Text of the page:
Knowing that Superman enjoys traveling, meeting people, and his established status as a proud public figure, he probably would not have any issues dealing with the first three or four requirements. However, dealing with the IRS is an entirely different matter. He will most likely need a good tax counsel to analyze and review his situation under Section 877A.
Section 877A was enacted as a part of the Heroes Earnings Assistance and Relief Tax Act (the “Heroes Act”). This section generally imposes a “mark to market” regime on expatriates covered under this section and it assesses taxes based on a hypothetical income that assumes that all properties owned by the expatriate were sold at market value on the date before expatriation. This law is intended to prevent tax avoidance schemes by affluent taxpayers, who have taken advantage of deferral features of current tax laws.
How many people will be affected by the “Heroes Act”? The law in Section 877A applies only to a handful of cases where (1) the net average annual income taxes owed for the five tax years preceding the expatriation date is more than $151,000 for an expatriation during the year 2012, (2) the net worth was more than two million U.S. Dollars, or (3)if the individual failed to comply with any federal tax obligations in the five tax years leading up to the expatriation date. In fact, you can find Section 877A cases more often that you thought.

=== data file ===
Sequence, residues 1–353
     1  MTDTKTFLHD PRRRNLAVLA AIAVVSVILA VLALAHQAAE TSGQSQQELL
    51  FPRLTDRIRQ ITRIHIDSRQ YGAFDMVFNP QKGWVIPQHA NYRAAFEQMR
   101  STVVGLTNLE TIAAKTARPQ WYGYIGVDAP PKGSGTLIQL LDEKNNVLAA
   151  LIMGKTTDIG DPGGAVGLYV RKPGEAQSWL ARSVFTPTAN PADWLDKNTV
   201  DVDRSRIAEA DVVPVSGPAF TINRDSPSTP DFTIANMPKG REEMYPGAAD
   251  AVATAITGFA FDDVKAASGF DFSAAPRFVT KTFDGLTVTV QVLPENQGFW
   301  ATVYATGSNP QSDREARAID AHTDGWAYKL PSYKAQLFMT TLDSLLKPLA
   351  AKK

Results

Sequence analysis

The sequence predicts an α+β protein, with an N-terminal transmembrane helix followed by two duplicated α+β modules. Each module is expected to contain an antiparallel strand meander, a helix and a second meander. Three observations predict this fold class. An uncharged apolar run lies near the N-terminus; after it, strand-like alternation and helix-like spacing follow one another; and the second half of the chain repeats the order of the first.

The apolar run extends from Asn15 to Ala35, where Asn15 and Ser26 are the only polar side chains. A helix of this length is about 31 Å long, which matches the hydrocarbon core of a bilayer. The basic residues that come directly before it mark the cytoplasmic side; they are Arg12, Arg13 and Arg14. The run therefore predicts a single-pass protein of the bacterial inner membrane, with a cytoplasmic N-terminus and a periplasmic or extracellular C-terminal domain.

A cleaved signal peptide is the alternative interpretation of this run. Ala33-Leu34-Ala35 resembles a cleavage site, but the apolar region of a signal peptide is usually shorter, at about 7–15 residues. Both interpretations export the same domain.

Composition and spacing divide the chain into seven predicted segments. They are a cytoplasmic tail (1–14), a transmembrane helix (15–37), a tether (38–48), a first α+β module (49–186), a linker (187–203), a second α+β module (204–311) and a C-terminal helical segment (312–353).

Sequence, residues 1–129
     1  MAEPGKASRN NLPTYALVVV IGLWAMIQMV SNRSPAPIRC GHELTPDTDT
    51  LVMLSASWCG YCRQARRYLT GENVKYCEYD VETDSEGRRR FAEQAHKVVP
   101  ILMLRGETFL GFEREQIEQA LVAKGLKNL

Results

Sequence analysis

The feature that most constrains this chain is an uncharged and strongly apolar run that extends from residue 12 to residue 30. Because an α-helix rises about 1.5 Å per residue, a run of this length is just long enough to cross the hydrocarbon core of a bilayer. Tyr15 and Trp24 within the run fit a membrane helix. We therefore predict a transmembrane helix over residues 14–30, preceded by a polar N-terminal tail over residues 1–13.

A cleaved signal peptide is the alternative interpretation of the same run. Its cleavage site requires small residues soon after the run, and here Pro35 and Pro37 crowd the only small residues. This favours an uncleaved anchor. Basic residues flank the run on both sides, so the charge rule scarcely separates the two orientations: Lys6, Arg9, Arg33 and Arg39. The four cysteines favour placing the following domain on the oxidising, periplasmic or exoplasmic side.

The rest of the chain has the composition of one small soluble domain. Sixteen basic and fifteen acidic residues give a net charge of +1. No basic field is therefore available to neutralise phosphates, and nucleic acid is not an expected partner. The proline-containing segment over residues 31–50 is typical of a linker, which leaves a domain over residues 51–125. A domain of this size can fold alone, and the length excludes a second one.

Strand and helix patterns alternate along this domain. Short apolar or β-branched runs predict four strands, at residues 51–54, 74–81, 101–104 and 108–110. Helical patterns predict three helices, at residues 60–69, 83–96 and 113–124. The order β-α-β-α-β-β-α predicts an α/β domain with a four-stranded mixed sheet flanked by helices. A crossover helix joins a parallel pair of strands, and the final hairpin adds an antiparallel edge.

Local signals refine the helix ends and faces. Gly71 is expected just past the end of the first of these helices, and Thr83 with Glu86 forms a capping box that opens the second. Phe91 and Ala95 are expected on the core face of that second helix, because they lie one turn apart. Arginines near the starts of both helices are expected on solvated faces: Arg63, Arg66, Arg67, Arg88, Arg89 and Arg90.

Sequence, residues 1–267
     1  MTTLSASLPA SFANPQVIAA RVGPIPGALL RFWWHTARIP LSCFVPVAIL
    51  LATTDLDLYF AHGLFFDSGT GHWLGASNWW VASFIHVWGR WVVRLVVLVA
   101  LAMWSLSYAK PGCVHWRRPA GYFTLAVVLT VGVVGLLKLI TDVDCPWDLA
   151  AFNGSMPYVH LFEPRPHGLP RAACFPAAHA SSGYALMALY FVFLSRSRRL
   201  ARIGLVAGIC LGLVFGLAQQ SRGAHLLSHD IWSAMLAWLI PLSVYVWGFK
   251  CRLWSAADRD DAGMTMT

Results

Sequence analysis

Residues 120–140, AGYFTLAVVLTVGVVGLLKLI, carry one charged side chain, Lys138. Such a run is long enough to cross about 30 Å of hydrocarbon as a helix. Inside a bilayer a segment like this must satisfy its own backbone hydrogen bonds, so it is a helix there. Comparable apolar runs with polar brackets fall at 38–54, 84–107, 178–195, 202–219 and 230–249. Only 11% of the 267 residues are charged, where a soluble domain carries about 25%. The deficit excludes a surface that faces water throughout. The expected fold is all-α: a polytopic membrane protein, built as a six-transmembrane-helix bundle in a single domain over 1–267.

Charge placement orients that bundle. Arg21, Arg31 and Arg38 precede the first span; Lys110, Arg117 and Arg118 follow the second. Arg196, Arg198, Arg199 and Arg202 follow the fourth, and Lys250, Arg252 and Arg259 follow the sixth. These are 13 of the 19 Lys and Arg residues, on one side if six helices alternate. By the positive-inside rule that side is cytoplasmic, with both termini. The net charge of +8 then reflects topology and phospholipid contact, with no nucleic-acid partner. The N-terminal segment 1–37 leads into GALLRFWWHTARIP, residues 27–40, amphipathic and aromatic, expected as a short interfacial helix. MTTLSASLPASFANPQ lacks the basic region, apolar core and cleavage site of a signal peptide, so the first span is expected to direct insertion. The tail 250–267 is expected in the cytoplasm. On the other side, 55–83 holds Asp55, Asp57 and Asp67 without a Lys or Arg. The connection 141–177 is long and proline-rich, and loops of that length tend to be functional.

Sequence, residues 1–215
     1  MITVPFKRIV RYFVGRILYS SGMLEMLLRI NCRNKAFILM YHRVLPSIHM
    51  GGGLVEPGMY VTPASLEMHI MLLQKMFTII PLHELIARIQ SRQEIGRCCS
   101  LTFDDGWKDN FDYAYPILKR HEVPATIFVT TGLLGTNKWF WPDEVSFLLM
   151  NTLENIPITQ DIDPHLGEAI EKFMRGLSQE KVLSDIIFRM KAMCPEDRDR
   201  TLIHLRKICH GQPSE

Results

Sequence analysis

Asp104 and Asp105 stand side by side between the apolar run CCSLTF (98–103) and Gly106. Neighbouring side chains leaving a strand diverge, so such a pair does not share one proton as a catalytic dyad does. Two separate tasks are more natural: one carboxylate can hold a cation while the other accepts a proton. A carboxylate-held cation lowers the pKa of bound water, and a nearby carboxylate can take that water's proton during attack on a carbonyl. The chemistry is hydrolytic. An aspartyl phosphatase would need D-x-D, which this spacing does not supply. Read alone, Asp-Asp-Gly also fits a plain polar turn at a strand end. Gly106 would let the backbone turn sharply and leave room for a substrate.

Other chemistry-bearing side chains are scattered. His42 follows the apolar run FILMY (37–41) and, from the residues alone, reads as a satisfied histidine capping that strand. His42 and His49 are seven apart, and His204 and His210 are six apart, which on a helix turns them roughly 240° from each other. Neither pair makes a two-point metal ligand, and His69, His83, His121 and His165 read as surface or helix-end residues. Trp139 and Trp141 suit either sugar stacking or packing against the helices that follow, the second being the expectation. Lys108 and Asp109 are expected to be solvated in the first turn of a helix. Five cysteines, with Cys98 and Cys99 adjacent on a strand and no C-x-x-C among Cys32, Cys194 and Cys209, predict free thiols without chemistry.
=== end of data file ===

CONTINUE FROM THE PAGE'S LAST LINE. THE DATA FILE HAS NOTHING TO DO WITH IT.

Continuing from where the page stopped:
Dr. Jeong H. Kim seems to be one of these cases. If you are not already familiar with recent news related to Dr. Kim, he is a Korean-American electrical engineer who came to the U.S. when he was 14 years old. He left his home at sixteen and worked menial labor jobs before eventually obtaining a Ph. D. Eventually he founded a venture, Yurie System, and he sold it to Lucent in 1998 for almost a billion dollars. He is an American success story, and a hero to many Korean immigrants in the United States. After serving many public posts, receiving various honors and making large charitable contributions, he was appointed by the South Korean government as the Minister of Future Creation and Science.
To take that offer, he announced his intention to give up his U.S. citizenship. However, he soon withdrew his plan to take the appointment, and blamed the political situation for changing his mind. However, many people cast doubts on his reasoning and sudden change. After all, he pledged, like Superman, to loftily contribute to his mother country. Some newspapers previously reported the impacts of Section 877A on this Korean -American hero’s decision. Considering that a corporate transaction typically involves stock issuance and deferral of gains, the mandatory recognition of income under Section 877A could have had certain effects on his decision. Even though no one knows for certain whether Section 877A was his Kryptonite, the case was interesting enough to attract attention to this law.
Several months ago, Superman quit his day job at the Daily Planet. I am not sure if he will eventually found a profitable company, like Dr. Kim. Nonetheless, if he is planning to renounce his U.S. citizenship as a part of his long term plan, he will be better off having his tax counsel involved at an early stage.
1 See the news at http://www.foxnews.com/entertainment/2011/04/28/superman-renounces-citizenship-00th-issue/
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